Oakland School Aims to Help Black Boys

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An eager kindergarten student raises his hand to ask teacher Xavier Buster a question. Most of the teachers are black men. Photo: Mike Kepka, The Chronicle / SF

An eager kindergarten student raises his hand to ask teacher Xavier Buster a question. Most of the teachers are black men. Photo: Mike Kepka, The Chronicle / SF Read more: http://www.sfgate.com/education/article/Oakland-school-aims-to-help-black-boys-3840007.php#ixzz266etlo5R

San Francisco Chronicle
September 4, 2012
Written by Jill Tucker

In the first hour of the first day of school Tuesday, the sixth-grade Oakland boy was sure he was in trouble for goofing off.

His teacher, Peter Wilson, had stopped his lesson in mid-sentence and turned his attention to the African American preteen, who now wore an uh-oh expression as he braced for a rebuke.

"Did you eat breakfast this morning?" Wilson asked quietly as the confused boy shook his head no. "Your actions are telling me you're hungry."

The teacher, also African American, then promised to bring fruit and granola bars the next day and returned to teaching. The boy's behavior immediately improved.

That might not have been the result at other Oakland middle schools, where a third of black males were suspended at least once last year.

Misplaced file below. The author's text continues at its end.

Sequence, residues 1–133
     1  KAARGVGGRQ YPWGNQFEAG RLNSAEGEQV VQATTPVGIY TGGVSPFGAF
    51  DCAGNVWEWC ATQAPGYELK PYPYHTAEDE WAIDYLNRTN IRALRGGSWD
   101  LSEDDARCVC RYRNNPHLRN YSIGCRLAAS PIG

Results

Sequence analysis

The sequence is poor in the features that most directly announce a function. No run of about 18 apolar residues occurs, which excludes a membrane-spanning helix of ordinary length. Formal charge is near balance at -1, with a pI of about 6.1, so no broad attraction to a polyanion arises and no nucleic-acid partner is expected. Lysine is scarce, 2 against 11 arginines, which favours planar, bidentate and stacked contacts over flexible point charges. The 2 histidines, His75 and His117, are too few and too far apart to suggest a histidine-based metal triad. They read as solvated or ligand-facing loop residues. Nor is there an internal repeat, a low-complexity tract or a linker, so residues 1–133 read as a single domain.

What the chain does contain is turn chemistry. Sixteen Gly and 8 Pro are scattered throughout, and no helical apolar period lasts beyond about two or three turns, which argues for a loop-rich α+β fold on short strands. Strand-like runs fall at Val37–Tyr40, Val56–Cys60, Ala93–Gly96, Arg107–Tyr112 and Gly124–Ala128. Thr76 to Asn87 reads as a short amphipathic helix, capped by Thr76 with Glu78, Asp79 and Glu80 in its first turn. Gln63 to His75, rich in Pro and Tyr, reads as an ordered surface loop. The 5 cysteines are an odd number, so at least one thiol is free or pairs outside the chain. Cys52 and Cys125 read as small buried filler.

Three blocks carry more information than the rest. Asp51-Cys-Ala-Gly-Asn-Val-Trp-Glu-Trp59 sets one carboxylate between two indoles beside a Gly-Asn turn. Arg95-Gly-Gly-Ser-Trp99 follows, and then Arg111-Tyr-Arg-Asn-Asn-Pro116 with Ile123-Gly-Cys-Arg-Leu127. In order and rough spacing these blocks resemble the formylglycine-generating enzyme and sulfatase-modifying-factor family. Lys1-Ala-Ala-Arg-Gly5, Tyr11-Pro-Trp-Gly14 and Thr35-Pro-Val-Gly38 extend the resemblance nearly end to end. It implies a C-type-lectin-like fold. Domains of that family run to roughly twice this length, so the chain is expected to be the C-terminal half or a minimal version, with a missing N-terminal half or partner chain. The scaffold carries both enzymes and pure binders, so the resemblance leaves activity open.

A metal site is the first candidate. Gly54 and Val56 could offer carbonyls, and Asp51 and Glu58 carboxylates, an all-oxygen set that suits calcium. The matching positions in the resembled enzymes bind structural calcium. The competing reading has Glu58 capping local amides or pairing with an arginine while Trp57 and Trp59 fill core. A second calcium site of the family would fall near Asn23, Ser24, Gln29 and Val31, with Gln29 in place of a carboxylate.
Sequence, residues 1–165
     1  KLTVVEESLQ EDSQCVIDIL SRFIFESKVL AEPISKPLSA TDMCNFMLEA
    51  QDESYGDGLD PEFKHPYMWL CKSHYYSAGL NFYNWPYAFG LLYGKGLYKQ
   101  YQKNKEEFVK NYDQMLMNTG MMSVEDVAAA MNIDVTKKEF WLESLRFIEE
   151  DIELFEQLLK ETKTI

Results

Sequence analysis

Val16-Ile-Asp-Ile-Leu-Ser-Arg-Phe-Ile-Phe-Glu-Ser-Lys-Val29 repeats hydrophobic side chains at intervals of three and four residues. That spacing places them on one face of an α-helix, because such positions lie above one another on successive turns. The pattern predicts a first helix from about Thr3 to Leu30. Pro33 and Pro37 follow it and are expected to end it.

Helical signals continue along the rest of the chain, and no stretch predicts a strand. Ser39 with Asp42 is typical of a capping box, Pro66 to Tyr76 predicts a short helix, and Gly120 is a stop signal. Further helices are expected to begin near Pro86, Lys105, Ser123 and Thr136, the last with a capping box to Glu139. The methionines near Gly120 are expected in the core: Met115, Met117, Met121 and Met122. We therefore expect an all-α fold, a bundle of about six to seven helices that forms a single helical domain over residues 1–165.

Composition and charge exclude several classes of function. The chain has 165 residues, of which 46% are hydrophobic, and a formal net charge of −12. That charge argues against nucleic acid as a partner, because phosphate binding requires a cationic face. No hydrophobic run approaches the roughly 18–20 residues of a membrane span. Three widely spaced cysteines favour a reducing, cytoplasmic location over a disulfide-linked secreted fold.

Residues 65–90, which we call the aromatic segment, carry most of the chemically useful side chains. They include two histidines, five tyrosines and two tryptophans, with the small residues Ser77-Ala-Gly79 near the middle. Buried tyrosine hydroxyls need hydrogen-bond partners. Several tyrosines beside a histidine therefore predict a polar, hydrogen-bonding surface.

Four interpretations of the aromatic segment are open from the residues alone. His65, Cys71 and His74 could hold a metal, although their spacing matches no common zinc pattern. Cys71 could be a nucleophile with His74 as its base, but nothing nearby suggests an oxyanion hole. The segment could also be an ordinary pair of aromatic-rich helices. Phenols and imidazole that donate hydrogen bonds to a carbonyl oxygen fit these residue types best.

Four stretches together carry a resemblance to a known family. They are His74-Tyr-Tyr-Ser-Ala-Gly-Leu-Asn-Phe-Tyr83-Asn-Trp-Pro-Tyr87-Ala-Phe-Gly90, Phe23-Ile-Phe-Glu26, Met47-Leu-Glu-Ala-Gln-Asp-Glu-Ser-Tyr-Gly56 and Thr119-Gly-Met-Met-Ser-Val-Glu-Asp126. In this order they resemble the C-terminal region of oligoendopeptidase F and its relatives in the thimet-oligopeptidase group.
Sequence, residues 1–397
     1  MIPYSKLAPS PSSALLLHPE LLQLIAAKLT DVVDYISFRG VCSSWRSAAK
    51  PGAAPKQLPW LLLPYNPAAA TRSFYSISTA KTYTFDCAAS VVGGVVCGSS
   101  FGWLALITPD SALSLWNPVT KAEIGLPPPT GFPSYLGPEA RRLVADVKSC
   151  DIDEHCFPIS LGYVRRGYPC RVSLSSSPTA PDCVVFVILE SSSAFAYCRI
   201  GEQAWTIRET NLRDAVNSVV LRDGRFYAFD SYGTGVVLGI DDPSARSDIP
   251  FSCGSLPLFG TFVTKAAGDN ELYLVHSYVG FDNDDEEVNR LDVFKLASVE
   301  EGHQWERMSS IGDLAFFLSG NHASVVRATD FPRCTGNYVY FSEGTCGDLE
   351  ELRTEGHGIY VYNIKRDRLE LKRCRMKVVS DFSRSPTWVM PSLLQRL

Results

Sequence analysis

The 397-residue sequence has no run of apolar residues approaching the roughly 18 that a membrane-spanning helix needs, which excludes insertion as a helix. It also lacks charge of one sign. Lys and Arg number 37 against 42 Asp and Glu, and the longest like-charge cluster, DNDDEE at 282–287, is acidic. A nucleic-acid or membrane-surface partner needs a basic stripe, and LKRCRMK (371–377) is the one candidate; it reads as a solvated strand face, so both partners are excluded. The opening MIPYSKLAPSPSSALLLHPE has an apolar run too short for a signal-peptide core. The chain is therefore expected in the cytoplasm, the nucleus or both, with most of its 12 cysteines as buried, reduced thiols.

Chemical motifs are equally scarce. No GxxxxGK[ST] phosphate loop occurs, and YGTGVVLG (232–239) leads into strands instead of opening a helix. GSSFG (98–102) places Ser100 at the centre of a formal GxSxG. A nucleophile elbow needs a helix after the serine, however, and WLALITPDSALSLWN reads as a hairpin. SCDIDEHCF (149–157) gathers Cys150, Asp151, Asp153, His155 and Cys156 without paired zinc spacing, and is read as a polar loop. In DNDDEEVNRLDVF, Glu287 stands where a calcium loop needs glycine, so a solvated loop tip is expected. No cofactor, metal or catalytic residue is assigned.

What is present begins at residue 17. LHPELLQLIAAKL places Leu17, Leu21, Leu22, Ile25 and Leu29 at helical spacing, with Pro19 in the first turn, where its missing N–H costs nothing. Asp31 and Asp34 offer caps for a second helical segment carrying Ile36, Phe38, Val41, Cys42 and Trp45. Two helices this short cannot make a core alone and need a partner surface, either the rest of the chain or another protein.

But at the 100 Black Men Community School, a new all-male public charter school, educators and organizers say they refuse to accept those odds - or any of the other statistics associated with black boys that include higher dropout rates, lower test scores and disproportionate placement in special education programs.

The school, started and financially supported by the Bay Area chapter of the 100 Black Men nonprofit organization, is open to all male students, but it was created specifically for issues facing black boys - including difficult family lives, street culture, community violence and lack of male role models outside professional sports and the music industry.

"We know our children can perform as well as any other children," said Dr. Mark Alexander, an epidemiologist and chairman of the board for the local 100 Black Men. "We're going to create a culture that hopefully will be stronger than the streets."

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